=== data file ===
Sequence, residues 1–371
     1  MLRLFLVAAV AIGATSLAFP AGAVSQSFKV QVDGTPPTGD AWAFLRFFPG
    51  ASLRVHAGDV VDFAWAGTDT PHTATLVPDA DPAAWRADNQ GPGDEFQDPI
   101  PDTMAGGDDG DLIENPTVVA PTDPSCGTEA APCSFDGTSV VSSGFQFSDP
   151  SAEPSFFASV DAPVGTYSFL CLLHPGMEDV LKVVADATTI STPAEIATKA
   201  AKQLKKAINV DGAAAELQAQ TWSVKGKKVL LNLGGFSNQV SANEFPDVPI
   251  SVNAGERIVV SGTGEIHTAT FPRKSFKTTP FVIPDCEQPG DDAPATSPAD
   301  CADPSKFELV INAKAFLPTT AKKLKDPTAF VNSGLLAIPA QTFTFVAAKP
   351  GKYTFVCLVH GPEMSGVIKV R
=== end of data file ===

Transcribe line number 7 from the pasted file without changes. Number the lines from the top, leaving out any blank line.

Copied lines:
   251  SVNAGERIVV SGTGEIHTAT FPRKSFKTTP FVIPDCEQPG DDAPATSPAD